The Well-Tempered Ear

Classical music: YOU MUST HEAR THIS – Chicago pianist Jorge Federico Osorio plays a piano transcription of J.S. Bach by Walter Rummel, whose transcriptions deserve a much wider hearing. | August 2, 2013

By Jacob Stockinger

There is no point being a purist about transcriptions, especially in the Baroque era and Romantic eras.

All the great Baroque composers  — Antonio Vivaldi, Georg Philipp Telemann, George Frideric Handel and especially Johann Sebastian Bach (below) to name a few — borrowed from themselves and from other composers, and always felt free to rearrange the original for a different instrument or a special occasion.

Bach1

Like many piano fans, I know and have heard or even played a lot of Bach transcriptions for the modern piano, from Ferrucio Busoni’s wonderful version of chorale preludes to Alexander Siloti’s and Egon Petri’s version to Wilhelm Kempff and of course the famous version of “Jesu Joy of Man’s Desiring” by Dame Myra Hess (below).

Portrait of Myra Hess, 1950s

But I had never heard of transcriptions of Walter Rummel -– even though the Hyperion label offer a series of Bach piano transcriptions with more than 10 volumes, including a 2-CD set of Walter Rummel’s transcriptions of movements from Bach’s cantatas.

Rummel (below, in 1944) lived from 1887 to 1953 and studied with the virtuosic performer and arranger Leopold Godowsky. Though of German background, he spent most of his career in France and was acclaimed for his playing especially of Debussy, and for his arrangements and transcriptions.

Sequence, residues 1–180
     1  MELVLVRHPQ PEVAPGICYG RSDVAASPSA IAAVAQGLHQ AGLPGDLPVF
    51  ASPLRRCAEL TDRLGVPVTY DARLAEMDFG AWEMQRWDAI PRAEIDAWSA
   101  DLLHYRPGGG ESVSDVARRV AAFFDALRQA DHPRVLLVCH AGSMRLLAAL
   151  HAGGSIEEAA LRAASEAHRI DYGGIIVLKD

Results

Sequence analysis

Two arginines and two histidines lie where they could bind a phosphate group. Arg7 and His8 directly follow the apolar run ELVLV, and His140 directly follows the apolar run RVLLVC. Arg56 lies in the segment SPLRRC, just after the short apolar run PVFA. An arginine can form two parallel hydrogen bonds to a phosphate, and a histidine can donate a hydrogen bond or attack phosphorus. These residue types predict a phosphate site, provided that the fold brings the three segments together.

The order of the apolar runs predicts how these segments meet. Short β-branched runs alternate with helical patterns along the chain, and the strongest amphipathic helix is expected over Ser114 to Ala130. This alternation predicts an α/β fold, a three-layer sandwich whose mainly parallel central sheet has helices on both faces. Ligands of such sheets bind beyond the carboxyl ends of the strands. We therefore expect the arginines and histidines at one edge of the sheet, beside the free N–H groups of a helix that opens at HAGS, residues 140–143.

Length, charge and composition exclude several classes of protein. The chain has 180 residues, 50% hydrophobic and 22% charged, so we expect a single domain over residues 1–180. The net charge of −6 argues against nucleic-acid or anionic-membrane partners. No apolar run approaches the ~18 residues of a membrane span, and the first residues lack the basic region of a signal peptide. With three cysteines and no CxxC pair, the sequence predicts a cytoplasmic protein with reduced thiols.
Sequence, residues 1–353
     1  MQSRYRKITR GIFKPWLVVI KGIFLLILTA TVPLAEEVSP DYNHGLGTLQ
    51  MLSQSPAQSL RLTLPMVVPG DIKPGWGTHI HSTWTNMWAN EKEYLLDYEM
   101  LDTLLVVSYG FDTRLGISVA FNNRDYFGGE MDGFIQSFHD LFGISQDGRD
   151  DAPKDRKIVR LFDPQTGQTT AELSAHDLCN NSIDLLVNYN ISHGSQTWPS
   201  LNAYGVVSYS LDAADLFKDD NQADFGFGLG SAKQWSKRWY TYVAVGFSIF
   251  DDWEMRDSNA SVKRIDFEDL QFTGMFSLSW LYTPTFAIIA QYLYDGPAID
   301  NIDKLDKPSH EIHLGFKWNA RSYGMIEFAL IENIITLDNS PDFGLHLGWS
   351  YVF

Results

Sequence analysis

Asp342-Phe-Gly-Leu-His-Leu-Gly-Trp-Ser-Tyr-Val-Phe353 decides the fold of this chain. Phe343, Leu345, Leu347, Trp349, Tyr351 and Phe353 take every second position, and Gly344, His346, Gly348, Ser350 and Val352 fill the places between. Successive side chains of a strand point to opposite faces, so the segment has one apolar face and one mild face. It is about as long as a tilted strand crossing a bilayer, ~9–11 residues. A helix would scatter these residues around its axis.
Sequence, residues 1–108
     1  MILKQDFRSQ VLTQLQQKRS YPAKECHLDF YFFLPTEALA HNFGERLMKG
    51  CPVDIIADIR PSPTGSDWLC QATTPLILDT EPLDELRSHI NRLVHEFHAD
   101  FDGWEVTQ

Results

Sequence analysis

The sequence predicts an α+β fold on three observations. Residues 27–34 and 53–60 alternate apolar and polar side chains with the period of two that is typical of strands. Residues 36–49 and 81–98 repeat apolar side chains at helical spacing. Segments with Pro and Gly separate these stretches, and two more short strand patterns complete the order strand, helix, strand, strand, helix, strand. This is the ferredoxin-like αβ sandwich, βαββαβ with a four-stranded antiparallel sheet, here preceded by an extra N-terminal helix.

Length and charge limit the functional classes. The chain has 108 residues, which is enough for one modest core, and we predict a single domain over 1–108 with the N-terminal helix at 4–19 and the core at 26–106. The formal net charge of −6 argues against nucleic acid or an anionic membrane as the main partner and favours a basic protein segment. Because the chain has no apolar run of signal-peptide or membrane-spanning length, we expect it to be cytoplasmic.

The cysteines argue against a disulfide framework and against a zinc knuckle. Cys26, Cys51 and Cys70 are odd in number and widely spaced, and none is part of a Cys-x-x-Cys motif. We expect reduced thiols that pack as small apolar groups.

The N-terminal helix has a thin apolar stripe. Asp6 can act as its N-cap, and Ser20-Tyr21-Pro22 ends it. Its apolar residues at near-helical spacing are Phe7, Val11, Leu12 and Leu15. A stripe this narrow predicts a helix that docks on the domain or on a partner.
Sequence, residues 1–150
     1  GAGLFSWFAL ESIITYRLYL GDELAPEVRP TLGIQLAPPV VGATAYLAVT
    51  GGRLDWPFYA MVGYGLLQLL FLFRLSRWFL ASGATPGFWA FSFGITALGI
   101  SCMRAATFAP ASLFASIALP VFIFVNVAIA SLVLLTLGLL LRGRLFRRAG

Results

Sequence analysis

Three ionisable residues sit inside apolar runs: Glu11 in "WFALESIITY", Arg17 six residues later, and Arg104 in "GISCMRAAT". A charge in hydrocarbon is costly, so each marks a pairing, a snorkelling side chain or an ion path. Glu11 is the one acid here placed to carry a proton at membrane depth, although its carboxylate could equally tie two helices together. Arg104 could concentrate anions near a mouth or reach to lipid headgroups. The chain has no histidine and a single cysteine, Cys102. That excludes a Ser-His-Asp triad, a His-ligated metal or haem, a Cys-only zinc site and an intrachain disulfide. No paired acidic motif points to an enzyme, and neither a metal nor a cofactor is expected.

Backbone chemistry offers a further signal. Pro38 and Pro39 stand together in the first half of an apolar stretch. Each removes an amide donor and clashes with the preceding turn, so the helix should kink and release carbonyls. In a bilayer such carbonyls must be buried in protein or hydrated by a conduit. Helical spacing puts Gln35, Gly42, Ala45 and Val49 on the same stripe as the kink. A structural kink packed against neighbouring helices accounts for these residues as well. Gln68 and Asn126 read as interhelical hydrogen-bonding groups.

Walter Rummel in 1944

Anyway, I like what I heard and was quite taken with it, and hope you will be too. As with so many of these transcriptions, I suspect it sounds a lot easier to play than it really is.

Anyway, here it is, played by the Chicago pianist Jorge Federico Osorio (below) in a live performance captured by and posted in a YouTube video.

Jorge Federico Osorio

I cannot find a recording of this particular work – although Osorio has recorded three volumes of Mexican music, including the Piano Concerto by Carlos Chavez, for the outstanding  non-profit Cedille Records in Chicago — by Osorio on CD. But the acclaimed pianist Jonathan Plowright has recorded it for the Hyperion series.

What is your favorite piano transcription of Bach? And who plays it?

The Ear wants to hear.

In the mean time, here is the lovely and calmingly thoughtful performance by Jorge Federico Osorio. Tell me if it doesn’t want to make you hear more:


3 Comments »

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    Comment by what is an electric piano — June 4, 2016 @ 7:41 pm

  2. Siloti transcription of Bach Violin Partita no. 2 – Chaconne (BWV1004) played by Risto Lauriala on Naxos.

    Comment by Vincent — August 2, 2013 @ 8:20 am

    • Hi Vincent,
      Thank you for reading and replying with such specificity.
      The only transcription of the famous Bach Chaconne I know is the one by Brahms for the solo left hand.
      So I will check out this one.
      And I will see what else the same pianist has recorded.
      Best,
      Jake

      Comment by welltemperedear — August 2, 2013 @ 11:51 am


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